Prolyl 3-hydroxylase 1 (P3H1), encoded by the LEPRE1 gene, forms a molecular complex with cartilage-associated protein (CRTAP) and cyclophilin B (encoded by PPIB) in the endoplasmic reticulum (ER). This complex is responsible for one step in collagen post-translational modification, the prolyl 3-hydroxylation of specific proline residues, specifically α1(I) Pro986. P3H1 provides the enzymatic activity of the complex and has a Lys-Asp-Glu-Leu (KDEL) ER-retrieval sequence at the carboxyl terminus. Loss of function mutations in LEPRE1 lead to the Pro986 residue remaining unmodified and lead to slow folding and excessive helical post-translational modification of type I collagen, which is seen in both dominant and recessive osteogenesis imperfecta (OI). Here, we present the case of siblings with non-lethal OI due to novel compound heterozygous mutations in LEPRE1 (c.484delG and c.2155dupC). The results of RNA analysis and real-time PCR suggest that mRNA with c.2155dupC escapes from nonsense-mediated RNA decay. Without the KDEL ER- retrieval sequence, the product of the c.2155dupC variant cannot be retained in the ER. This is the first report of a mutation in LEPRE1 that eliminates only the KDEL ER-retrieval sequence, whereas other functional domains remain intact. Our study shows, for the first time, that the KDEL ER- retrieval sequence is essential for P3H1 functionality and that a defect in KDEL is sufficient for disease onset.
Citation: Takagi M, Ishii T, Barnes AM, Weis M, Amano N, Tanaka M, et al. (2012) A Novel Mutation in LEPRE1 That Eliminates Only the KDEL ER- Retrieval Sequence Causes Non-Lethal Osteogenesis Imperfecta. PLoS ONE 7(5): e36809. https://doi.org/10.1371/journal.pone.0036809
Editor: Eugene A. Permyakov, Russian Academy of Sciences, Institute for Biological Instrumentation, Russian Federation
Received: December 10, 2011; Accepted: April 6, 2012; Published: May 15, 2012
Copyright: © 2012 Takagi et al. This is an open-access article distributed under the terms of the Creative Commons Attribution License, which permits unrestricted use, distribution, and reproduction in any medium, provided the original author and source are credited.
Funding: This work was supported by Research on Intractable Diseases of Health and Labour Sciences Research Grants (Diagnosis and treatment of osteogenesis imperfect; H22-Nanji-Ippan-194) from the Ministry of Health, Labour and Welfare of Japan, and by a grant from the Japan Society for the Promotion of Science (Grant-in-Aid for Young Scientists (B) (22790999)). The funders had no role in study design, data collection and analysis, decision to publish, or preparation of the manuscript.
Competing interests: The authors have declared that no competing interests exist.
Osteogenesis imperfecta (OI; MIM #166200, #166210, #259420, #166220, #610967, #610968, #610682, #610915, #259440, #613848 and #613982) comprises a heterogeneous group of connective tissue disorders characterized by fragile bones with susceptibility to fractures. Most cases of OI are caused by heterozygous mutations in COL1A1 or COL1A2, the genes encoding the two type I procollagen alpha chains, proα1 (I) and proα2 (I) . Mutations in these genes result in quantitative and/or qualitative defects in type I collagen production by osteoblasts –.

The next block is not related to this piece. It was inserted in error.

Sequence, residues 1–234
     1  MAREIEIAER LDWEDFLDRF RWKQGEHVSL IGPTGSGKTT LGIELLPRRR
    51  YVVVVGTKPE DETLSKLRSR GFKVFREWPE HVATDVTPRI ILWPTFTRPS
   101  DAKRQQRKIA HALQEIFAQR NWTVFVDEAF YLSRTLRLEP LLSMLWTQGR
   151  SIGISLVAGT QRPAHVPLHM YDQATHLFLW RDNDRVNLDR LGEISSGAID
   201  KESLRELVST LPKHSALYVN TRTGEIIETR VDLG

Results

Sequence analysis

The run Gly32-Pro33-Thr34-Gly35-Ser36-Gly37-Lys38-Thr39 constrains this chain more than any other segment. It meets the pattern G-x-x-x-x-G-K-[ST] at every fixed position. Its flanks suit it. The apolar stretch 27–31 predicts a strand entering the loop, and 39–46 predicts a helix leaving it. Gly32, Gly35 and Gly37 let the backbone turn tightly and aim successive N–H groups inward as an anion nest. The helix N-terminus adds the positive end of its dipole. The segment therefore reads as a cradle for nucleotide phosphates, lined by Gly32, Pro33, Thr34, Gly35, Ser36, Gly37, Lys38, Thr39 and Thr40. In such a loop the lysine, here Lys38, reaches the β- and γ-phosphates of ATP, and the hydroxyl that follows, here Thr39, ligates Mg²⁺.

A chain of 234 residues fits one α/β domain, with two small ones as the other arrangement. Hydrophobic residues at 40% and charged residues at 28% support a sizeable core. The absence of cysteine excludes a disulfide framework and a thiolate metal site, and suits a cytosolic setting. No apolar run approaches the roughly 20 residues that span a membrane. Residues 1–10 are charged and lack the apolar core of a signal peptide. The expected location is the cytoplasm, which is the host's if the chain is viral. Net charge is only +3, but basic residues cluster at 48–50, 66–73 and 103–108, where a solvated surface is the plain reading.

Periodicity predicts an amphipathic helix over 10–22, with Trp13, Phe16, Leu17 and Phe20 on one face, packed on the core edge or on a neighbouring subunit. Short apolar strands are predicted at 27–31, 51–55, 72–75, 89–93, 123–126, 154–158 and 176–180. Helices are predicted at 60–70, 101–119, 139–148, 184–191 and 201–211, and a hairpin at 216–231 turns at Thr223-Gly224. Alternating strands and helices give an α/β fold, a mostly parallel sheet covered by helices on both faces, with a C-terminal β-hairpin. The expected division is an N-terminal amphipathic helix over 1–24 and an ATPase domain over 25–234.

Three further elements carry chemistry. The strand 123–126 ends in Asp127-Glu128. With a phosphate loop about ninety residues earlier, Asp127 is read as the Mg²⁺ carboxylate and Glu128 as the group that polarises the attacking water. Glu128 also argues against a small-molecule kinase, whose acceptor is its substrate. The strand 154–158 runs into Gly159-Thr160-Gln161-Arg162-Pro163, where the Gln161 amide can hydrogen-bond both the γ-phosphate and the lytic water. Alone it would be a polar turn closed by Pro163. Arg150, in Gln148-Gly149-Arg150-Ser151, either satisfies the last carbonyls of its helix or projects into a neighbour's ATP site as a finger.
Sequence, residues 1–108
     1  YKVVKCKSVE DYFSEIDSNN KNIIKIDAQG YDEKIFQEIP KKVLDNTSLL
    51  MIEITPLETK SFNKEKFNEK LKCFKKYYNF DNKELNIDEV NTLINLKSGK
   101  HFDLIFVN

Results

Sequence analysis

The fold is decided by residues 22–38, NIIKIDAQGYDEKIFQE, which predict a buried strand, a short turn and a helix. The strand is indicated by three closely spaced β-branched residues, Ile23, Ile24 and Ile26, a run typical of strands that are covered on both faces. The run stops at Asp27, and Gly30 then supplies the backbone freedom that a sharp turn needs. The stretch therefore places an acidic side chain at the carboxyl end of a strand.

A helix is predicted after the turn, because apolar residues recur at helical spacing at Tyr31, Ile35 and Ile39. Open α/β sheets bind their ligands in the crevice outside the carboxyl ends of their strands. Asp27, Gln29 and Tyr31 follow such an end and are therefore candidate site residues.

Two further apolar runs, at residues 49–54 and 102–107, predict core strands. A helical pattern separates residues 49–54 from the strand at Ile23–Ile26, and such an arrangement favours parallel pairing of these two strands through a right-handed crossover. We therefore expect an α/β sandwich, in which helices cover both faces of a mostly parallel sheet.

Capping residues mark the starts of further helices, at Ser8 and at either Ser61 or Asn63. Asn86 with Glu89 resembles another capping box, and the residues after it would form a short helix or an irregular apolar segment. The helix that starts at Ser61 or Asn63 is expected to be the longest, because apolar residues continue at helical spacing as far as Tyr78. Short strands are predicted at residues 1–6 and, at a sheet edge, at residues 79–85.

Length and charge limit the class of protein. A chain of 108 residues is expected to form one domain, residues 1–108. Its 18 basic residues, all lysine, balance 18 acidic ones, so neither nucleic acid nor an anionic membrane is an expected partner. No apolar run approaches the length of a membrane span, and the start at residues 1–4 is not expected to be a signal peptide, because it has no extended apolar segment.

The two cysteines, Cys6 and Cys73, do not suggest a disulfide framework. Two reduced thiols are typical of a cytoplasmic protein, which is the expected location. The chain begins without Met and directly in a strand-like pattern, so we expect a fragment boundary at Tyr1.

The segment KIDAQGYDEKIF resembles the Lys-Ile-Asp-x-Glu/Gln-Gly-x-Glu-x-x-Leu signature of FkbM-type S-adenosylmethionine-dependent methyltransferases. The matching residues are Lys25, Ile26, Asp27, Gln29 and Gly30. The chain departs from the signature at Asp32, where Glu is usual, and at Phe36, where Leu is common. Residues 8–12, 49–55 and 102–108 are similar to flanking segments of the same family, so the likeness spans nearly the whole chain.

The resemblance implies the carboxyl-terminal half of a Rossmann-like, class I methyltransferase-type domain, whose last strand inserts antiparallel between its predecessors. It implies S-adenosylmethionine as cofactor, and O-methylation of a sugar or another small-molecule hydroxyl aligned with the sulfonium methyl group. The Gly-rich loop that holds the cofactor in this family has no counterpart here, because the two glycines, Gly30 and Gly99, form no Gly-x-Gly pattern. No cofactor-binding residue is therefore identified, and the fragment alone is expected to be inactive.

Recurrence of severe OI in families with unaffected parents results from either dominant (parental mosaicism) or recessive inheritance –. Recent investigations have discovered several genes responsible for OI inherited as an autosomal recessive trait –. Among these genes, LEPRE1 encodes prolyl 3-hydroxylase 1 (P3H1), which forms a molecular complex with cartilage-associated protein (CRTAP) and cyclophilin B (CypB, encoded by PPIB) in the endoplasmic reticulum (ER) that is responsible for one step in collagen post-translational modification, the prolyl 3-hydroxylation of specific proline residues, specifically α1(I) Pro986 . P3H1 provides the enzymatic activity of the complex and is the only component of the complex with a Lys-Asp-Glu-Leu (KDEL) ER-retrieval sequence at the carboxyl terminus . Loss of function mutations in either LEPRE1 or CRTAP lead to loss of both proteins in the cell, leave the Pro986 residue unmodified, and lead to slow folding and excessive helical post-translational modification of type I collagen .
To date, more than 20 LEPRE1 mutations have been described , –. With the exception of only one missense mutation, Leu489Pro , all LEPRE1 mutations result in a premature termination codon (PTC) with mRNA that is destroyed by the process of nonsense-mediated RNA decay. Here we present the case of siblings with OI due to novel compound heterozygous mutations in LEPRE1 (c.484delG and c.2155dupC). Without the KDEL ER- retrieval sequence, the product of the c.2155dupC variant cannot be retained in the ER. Our study shows, for the first time, that the KDEL ER- retrieval sequence is essential for P3H1 functionality and that a defect in KDEL is sufficient for disease onset.
Patient II-2 was a 5-year-old female born to healthy parents who already had one healthy child (Fig 1A). Prenatal ultrasonography at 28 weeks of gestation showed deformity of the lower limbs. She was delivered with multiple fractures by caesarian section at 35 weeks’ gestation. Birth weight was 1966 g (below 3rd percentile), length 42.2 cm (below 3rd percentile), and OFC 31.2 cm (3rd–10th percentile). She did not have blue sclera or dysmorphic facial features, such as micrognathia or a triangular face. She had no neonatal respiratory distress. Radiographs showed multiple rib fractures, healed fractures of both femora and the right humerus, and a subacute fracture of the left humerus (Fig 1B). Metaphyseal osteopenia was significant. A diagnosis of OI type III was made. At least 10 fractures occurred in the first 6 months of life. Pamidronate treatment was initiated at 2 months of age. The pamidronate was initially administered by infusion every 2 months and was changed to every 3 months at the age of 2 years. The bone mineral density (BMD) of the lumber spine (L2–L4) was 0.336 gm/cm2 (Z score of –2.2), 0.429 g/cm2 (Z score of –2.7), 0.479 g/cm2 (Z score of –4.9), and 0.514 g/cm2 (Z score of –5.9) at the ages of 1 year, 2 years, 4 years, and 5 years respectively (We used BMD reference data  in Spanish children). She did not have severe deformity of the long bones at age 5 years, and her skin was normal in extensibility. She had white sclerae and normal dentition. She was able to walk with difficulty while holding on to a table. Her intellectual development was normal.